Contributed by: Valerie Mellema
All of the first day of school pictures on Facebook got me to thinking about our little colts and fillies and how weaning week for them has been a lot like the first day of school. For our colts, it is like going off to kindergarten and being away from mom for the first time. Of course, for colts, it’s like being sent off to boarding school. It can be a stressful and worrisome time for both mom and baby, just like it is with human moms and babies. And I say babies, because even though they may be 5/6 years old (5/6 months old for horses), they are still really our babies and always will be! Here’s a look at what the first week of school has been like for our colts and filly.
We separate mares and foals by bringing them up to the barn and putting them in stalls and then taking the mares back out to pasture. Most are independent enough at this point that they are okay with the separation. They are also placed in stalls next to each other, so they still have their best friends nearby and they don’t feel totally alone. They are kept in stalls for a few days to adjust and they quickly learn that their human handlers are now their best friends. We visit with them and give them scratches and attention. Some farms like to simply put their foals together in a separate pen or pasture away from the mares, but for us, we like to use this time in the stalls to bond with them and start the first steps of training.
Halter Breaking and Leading
While our colts have had halters on before, they didn’t really function as a means of control and direction for them as they do now. It was more of a convenience for us and a way to handle them a bit. However, we let our colts and mares do what they do best for the first five months and that’s grow and eat out in the pasture. While they were handled after first being born, they don’t receive a lot of handling while they are out in the pasture. Some are braver than others and will visit with you through the fence, but others aren’t as brave and so weaning week is the first time they really experience handling on a regular basis.
Part of our halter breaking strategy is to simply halter the colts and let them drag a lead rope around. They stay in their stall during the night, but are turned out in a big, solid walled round pen during the day where they can play safely. They have a lot of energy from being stalled all night. By dragging the lead rope, they learn about that great thing called pressure and how to give to it. It’s something that they will be doing for the rest of their lives and by dragging the lead rope around, they learn about it organically. They also learn about foot placement and will soon learn how to carry the lead rope without stepping on it all of the time. But the premise they quickly learn is you step on the rope, you lower your head to give to the pressure and then you move your foot. It’s simple and they learn it very quickly.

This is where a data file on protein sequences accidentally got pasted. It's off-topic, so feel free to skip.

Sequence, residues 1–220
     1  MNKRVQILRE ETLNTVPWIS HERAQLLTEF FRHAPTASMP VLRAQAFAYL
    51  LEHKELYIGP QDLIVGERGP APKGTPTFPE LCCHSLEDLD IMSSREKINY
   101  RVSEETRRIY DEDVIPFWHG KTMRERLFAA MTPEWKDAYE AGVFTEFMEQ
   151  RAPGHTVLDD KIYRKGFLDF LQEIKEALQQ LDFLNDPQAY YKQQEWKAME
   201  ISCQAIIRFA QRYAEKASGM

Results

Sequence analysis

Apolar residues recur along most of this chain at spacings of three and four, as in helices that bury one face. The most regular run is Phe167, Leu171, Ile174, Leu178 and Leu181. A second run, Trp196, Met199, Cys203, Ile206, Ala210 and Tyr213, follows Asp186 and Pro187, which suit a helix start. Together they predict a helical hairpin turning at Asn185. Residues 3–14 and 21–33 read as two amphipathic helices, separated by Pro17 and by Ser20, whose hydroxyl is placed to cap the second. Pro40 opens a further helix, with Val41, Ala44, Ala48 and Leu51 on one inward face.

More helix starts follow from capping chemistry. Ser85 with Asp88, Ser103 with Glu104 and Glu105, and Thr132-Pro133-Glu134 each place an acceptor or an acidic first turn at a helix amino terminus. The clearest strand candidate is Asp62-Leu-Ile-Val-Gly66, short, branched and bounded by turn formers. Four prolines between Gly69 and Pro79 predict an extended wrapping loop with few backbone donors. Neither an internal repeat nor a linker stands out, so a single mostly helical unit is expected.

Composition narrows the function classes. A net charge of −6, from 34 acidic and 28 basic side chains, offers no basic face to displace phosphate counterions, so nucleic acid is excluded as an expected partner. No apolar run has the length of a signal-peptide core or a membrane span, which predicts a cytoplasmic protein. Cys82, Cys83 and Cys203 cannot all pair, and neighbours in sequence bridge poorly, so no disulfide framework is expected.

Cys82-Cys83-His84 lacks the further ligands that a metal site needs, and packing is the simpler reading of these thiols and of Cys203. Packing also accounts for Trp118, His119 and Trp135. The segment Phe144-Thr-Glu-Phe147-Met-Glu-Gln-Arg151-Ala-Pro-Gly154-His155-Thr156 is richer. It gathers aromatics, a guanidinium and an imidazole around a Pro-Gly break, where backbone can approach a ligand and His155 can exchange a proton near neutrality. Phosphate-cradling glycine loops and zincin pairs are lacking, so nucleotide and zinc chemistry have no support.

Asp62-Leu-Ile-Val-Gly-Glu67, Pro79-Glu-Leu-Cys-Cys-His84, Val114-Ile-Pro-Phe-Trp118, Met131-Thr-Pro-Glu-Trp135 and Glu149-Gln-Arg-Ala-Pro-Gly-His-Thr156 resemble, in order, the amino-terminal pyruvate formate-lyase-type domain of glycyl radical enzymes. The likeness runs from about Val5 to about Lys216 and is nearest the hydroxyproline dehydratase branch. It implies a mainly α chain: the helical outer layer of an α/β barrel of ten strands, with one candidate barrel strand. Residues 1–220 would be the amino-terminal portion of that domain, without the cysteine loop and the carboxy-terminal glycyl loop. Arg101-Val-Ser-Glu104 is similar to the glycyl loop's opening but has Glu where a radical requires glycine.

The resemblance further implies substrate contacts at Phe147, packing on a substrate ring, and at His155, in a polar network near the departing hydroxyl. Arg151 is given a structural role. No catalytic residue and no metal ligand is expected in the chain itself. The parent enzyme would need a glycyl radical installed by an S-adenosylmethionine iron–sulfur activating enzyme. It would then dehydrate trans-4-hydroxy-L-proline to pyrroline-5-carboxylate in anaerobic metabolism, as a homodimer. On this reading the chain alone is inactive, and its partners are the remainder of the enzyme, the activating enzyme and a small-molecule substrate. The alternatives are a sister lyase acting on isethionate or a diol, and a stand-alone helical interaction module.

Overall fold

Then there’s the actual leading. This can be confusing at first! We use a "come along" rope behind their haunches to encourage them to engage their hind end and walk with you. Some colts catch on to this very quickly, while others need a little more time. Proper leading technique for the handler is a must at this point and always wear gloves.
Learning to tie quietly is essential and it teaches them patience. It’s another lesson in giving to pressure as well. We start in the stall with a rubber inner tube attached to a sturdy wooden pole. This way if they pull back, the tube stretches and they won’t get hurt or break their halters and lead. If something does break, they are safe in their stalls. Soon they won’t need the tube, but will get lots and lots of practice at tying indoors and out for many years to come.
After they’ve mastered tying in a safe place, we start to introduce more interesting challenges such as bathing. The first bath may not be anything more than being sprayed by the water hose, but it’s all a part of desensitization.
Weaning week can be stressful, but it’s also a lot of fun. There’s been a lot of patience and excitement building up to this point. Actually getting to handle and start training is a turning point in their lives and its fun teaching them and guiding them along this new journey in life.
Valerie Mellema is the owner of Gray Horse Publishing & Marketing.
She has been in the equine industry for over 25 years and is a published author of multiple horse care books. She is also the owner of Mellema Thoroughbreds, a thoroughbred breeding farm. She shows her OTTB, Mistic Gray, in hunter/jumpers.
Visit her website at www.grayhorsepublishing.com.